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History From Things: Essays on Material Culture

3.0 out of 5 stars 1 customer review
ISBN-13: 978-1560986133
ISBN-10: 1560986131
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Editorial Reviews


“Readers should find in History from Things much to provoke thinking about material culture and a stimulus to the type of interdisciplinary communication that the field of material culture studies has tried to offer.”—Journal of American History

History from Things reminds us of the intellectual power of artifact analysis. . . . [It] is a useful book for beginning and experienced teachers of social studies, at every grade level, on the ways to use material culture to better understand the past and as routes to reflect on the more abstract features of culture.”—Social Education

“Eighteen essays discuss the use of artifacts and material culture evidence in broadening historical understanding of the past. Contributors come from a wide array of backgrounds, including art history, anthropology, archaeology, and the history of technology, and the artifacts examined range from Chinese bronzes to the cultural landscape of eighteenth-century English gardens and from New England cemeteries to a twentiety-century steam locomotive. Individually these essays push out the boundaries of material culture study, while collectively they transcend traditional disciplinary boundaries.”—Science, Technology, and Society

About the Author

Steven Lubar is curator of engineering and industry at the Smithsonian Institution's National Museum of American History.

W. David Kingery
is Regents Professor of Anthropology and Materials Science and Engineering at the University of Arizona.

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Product Details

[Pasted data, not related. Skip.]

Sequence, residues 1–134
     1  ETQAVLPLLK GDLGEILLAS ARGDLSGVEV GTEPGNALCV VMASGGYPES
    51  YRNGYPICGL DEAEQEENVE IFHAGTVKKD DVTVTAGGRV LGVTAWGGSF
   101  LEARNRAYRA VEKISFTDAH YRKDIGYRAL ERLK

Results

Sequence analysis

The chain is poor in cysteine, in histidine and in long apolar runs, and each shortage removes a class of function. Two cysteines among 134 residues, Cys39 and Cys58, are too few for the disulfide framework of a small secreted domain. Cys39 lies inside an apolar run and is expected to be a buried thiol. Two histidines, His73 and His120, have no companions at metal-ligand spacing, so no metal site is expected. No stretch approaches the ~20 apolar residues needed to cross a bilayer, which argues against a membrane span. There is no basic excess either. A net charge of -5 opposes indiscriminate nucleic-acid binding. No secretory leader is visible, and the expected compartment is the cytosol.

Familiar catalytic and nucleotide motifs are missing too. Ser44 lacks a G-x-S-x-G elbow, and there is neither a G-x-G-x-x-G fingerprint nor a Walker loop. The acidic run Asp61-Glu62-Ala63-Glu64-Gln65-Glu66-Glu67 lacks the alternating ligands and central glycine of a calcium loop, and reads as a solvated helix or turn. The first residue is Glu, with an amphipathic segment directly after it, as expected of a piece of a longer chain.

• Paperback: 320 pages
  • Publisher: Smithsonian Books (September 17, 1995)
  • Language: English
  • ISBN-10: 1560986131
  • ISBN-13: 978-1560986133
  • Product Dimensions: 6 x 0.7 x 9 inches
  • Shipping Weight: 2 pounds (View shipping rates and policies)
  • Average Customer Review: 3.0 out of 5 stars  See all reviews (1 customer review)
  • Amazon Best Sellers Rank: #408,051 in Books (See Top 100 in Books)

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It is exactly what it claims to be. For non-historians, it can get pretty dreary, and many of the essays are less about historical frameworks and methods of deducing history from things than they are about the specific historical details of the objects studied.

The opening four essays, especially the Csikszentmihalyi one, provoke broader conversation on the topic of reading history from material culture. The rest are esoteric and probably tedious to anyone not interested in their specific periods or places.

For example, if you aren't particularly curious about Chinese bronze vessels, the essay that details their process of manufacture and function in ancient China will not hold much for you, since it contains almost no reference to any broader theory of history or material culture and instead just catalogs minute details of the artifacts under study. Most of the book is like that, and the chapters do not talk to each other, they just each go off on their own tunneling dissertations about their favorite subjects.
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